An invertebrate is an animal without a backbone. The group includes 97% of all animal species – all animals except those in the chordate subphylum Vertebrata (fish, amphibians, reptiles, birds, and mammals).
Invertebrates form a paraphyletic group. Given a common multicellular, eukaryotic ancestor, all contained phyla are invertebrates along with two of the three subphyla in Phylum Chordata: Tunicata and Cephalochordata. These two, plus all the other known invertebrates, have only one cluster of Hox genes, while the vertebrates have duplicated their original cluster more than once.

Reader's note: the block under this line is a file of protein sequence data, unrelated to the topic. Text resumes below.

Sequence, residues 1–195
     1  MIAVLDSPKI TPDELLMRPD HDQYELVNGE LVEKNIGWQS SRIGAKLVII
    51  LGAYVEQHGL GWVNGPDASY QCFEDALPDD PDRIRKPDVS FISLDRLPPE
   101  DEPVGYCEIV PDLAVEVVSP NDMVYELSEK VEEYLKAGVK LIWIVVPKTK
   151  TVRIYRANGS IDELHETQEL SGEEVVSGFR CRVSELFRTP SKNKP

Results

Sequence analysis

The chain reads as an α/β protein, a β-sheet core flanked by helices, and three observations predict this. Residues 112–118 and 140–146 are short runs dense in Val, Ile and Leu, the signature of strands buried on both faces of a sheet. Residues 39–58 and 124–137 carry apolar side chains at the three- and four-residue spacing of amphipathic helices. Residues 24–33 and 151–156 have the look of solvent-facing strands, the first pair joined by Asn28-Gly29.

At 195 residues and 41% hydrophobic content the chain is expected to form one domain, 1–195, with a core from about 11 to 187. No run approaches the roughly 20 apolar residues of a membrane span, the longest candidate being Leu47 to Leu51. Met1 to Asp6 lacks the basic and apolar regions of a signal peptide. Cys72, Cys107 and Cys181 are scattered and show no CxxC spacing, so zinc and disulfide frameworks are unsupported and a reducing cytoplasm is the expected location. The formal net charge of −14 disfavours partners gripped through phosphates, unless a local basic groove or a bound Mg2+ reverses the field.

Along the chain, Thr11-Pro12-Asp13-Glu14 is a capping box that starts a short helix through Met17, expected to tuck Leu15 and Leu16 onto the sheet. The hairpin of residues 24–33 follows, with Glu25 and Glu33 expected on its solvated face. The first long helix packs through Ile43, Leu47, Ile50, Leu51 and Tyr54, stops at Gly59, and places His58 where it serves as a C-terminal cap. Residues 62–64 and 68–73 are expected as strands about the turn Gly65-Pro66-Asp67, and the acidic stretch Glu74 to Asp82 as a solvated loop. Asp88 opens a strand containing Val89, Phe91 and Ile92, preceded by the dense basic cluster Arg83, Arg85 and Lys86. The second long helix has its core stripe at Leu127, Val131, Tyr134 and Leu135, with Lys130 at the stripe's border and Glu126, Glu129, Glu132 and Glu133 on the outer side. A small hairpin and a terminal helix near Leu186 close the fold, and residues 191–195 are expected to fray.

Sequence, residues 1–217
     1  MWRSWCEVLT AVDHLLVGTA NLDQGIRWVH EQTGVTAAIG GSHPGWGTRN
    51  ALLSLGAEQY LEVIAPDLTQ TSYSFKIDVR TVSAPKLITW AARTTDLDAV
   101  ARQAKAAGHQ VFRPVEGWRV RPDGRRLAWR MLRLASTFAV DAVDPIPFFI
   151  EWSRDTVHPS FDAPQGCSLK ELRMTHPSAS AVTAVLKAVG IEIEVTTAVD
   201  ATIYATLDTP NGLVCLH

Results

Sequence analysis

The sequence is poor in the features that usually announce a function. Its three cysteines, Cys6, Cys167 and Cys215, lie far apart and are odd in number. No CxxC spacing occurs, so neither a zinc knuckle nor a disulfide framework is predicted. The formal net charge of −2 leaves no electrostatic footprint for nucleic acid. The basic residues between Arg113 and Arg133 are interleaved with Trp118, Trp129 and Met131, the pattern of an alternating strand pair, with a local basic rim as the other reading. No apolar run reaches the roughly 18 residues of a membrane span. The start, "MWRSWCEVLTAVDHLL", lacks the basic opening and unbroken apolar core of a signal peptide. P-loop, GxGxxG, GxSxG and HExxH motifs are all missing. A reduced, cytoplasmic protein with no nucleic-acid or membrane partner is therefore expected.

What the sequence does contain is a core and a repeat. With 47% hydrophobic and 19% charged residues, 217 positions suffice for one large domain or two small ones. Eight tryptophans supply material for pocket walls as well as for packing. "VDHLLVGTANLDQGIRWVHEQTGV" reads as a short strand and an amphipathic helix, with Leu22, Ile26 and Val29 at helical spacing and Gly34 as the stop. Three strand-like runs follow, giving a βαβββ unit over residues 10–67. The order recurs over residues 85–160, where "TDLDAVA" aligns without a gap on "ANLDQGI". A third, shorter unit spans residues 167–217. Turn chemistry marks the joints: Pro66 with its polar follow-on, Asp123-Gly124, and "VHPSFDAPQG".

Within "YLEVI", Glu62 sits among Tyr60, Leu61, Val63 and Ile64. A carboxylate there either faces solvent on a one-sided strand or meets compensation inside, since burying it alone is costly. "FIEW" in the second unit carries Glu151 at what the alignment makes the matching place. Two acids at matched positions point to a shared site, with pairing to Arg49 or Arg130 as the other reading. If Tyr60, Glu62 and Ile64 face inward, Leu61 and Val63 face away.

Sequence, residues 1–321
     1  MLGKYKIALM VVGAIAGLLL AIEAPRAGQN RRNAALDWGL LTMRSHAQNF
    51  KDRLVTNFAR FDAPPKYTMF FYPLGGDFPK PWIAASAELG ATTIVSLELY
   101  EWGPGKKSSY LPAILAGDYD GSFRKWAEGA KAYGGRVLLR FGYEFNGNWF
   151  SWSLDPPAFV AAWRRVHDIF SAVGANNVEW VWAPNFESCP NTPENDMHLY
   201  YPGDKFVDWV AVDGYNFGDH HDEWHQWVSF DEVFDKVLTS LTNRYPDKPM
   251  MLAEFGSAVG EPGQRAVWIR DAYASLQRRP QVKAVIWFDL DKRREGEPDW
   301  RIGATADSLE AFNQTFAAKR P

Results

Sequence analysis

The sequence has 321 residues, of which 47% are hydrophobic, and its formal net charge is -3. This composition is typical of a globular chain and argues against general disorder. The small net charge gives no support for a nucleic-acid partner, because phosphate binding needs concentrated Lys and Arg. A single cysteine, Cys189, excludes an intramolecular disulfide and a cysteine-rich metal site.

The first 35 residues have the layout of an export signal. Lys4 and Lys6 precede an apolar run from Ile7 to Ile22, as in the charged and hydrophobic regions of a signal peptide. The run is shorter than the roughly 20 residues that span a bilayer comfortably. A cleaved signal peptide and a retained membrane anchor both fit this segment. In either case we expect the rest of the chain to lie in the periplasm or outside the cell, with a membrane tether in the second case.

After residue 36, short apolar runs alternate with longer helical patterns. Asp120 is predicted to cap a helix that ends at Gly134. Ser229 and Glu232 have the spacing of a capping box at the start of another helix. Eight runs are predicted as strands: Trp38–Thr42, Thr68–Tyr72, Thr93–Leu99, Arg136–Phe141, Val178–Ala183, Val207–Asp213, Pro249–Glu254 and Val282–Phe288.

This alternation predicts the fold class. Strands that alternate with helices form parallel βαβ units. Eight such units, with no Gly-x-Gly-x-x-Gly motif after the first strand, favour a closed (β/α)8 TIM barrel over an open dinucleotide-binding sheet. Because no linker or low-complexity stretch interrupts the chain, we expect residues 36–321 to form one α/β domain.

Within palaeozoology and palaeobiology, invertebrates are often studied within the fossil discipline called invertebrate palaeontology.
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